A long time ago, I published a work on the bright star Gamma Velorum with my colleague and friend O. Chesneau (read the full story following this link).

This star is not a weak star. Instead, it is what we call a Wolf-Rayet star, i.e. an extremely hot (70000 degrees celsius) and luminous (one million brighter than the Sun) star, at the verge of exploding as a supernova (though we are somewhat safe for a few million years). Gamma Velorum is the closest to the Earth of its kind (about 1000 light years from Earth), meaning that the day it will blast, it may lighten the whole southern skies. It lives in a pair, with another luminous hot star, though colder (« only » 40000 degrees), but more massive (what we call an O-type star).

We were so excited by our first work that we decided to perform follow-up observations with the VLTI of the system in order to sneak into more details of the wind-wind collision zone. However, we were a bit brave in this follow-up because these observations happened to be the most difficult to interpret in my academic life. Indeed, we had such a hard time interpreting these datasets, that we gave up at some time. It was not until 2013 that O. Chesneau decided to not let this project sink by contacting a young and motivated scientist specialized in hydrodynamic simulations, A. Lamberts.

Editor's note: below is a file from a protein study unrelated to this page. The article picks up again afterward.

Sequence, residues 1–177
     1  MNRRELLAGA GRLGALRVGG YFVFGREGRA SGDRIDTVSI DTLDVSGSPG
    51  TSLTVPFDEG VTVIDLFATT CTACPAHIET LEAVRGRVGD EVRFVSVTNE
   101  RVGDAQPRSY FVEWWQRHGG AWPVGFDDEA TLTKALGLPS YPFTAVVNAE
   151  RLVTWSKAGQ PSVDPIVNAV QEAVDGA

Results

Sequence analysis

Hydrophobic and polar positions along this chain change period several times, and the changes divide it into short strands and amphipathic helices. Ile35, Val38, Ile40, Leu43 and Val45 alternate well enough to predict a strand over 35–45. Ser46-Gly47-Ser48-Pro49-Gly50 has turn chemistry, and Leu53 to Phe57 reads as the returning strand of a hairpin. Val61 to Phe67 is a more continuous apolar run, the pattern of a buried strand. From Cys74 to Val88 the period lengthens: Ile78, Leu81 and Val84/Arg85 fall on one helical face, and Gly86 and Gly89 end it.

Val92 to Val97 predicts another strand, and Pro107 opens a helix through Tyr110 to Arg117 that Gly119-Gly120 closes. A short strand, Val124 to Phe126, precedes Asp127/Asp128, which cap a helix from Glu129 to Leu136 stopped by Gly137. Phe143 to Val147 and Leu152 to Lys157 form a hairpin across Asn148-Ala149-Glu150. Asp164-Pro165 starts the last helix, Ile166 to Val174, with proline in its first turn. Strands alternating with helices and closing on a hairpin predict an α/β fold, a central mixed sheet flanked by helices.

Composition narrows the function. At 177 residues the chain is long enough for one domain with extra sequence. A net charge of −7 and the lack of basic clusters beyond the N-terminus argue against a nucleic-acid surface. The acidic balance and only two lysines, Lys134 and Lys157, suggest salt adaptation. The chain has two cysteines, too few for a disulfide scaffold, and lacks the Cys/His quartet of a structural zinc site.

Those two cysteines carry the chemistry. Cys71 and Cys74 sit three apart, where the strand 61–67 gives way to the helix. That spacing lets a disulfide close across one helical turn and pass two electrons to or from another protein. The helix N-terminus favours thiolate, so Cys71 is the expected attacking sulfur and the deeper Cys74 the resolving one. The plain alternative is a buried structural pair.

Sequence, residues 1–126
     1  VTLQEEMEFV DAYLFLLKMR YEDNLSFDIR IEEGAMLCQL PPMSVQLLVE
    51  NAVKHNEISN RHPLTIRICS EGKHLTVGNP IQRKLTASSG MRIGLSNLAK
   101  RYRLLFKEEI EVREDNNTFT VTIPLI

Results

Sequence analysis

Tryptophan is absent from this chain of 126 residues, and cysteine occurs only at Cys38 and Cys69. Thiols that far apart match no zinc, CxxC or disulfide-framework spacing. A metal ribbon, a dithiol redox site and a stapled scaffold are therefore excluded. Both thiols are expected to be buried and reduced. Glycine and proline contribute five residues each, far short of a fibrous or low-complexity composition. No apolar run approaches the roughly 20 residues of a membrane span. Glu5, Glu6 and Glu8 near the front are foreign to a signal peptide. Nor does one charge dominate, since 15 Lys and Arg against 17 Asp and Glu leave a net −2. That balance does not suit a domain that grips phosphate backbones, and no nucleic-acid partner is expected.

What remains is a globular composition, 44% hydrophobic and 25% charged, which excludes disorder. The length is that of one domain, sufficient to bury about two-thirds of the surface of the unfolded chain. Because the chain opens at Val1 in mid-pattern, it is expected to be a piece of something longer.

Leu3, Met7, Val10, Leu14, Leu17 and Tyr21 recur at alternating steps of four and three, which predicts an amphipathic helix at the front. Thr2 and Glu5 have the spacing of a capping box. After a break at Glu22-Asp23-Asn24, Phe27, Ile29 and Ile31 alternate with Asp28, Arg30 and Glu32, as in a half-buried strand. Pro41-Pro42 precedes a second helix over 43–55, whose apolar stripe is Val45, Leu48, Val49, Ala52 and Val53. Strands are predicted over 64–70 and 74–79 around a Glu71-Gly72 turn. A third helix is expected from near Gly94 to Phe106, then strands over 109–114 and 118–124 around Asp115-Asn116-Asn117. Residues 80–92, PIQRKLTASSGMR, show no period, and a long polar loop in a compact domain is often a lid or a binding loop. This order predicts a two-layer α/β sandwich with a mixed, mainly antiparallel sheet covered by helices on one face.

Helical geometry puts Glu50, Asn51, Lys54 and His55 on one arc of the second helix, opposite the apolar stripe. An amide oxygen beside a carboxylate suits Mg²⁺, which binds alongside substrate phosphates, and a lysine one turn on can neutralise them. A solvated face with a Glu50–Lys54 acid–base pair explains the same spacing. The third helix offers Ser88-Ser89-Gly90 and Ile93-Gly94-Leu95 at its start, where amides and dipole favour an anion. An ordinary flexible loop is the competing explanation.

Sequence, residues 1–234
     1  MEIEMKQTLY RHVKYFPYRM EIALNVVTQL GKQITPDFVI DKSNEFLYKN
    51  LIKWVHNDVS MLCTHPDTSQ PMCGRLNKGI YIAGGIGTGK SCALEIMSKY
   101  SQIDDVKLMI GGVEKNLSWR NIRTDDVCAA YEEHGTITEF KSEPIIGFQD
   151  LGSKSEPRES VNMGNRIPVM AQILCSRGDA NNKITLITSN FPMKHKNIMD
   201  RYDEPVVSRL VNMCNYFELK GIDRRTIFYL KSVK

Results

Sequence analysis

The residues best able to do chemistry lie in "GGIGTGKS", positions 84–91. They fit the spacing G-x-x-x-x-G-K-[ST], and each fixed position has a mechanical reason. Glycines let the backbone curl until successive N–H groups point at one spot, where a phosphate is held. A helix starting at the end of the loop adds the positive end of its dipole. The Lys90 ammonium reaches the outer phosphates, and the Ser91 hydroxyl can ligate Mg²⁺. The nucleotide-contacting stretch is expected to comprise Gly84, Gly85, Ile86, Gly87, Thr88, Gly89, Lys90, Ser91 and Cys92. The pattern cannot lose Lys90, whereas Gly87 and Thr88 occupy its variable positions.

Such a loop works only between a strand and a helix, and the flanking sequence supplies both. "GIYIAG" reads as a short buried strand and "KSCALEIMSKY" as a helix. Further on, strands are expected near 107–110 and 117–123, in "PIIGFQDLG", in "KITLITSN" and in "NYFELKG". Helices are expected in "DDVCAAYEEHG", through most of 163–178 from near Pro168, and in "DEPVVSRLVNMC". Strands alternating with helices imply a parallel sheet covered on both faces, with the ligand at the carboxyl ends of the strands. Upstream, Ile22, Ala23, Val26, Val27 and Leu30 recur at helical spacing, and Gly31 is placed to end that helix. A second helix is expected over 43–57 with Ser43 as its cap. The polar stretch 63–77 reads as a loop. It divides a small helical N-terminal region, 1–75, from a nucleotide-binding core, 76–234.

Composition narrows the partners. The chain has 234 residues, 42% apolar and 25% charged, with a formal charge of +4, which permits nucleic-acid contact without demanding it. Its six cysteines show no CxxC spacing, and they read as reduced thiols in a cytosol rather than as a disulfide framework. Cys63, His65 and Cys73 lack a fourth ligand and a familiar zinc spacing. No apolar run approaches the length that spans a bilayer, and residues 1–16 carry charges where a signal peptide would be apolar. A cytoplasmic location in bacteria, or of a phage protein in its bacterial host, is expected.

This is where a dialogue between hydrodynamic simulations and interferometry begun, which was extremely interesting and enriching. We were able to explain the complex AMBER dataset by adding the hydrodynamic simulation to a simple geometric model. This enabled us to provide the evidence that the variability seen in our data is indeed coming from the wind-wind collision zone of the system.

We were also able to constrain the full orbit of the system and calculate a much more accurate distance than in our first work.

This work is published in the scientific journal MNRAS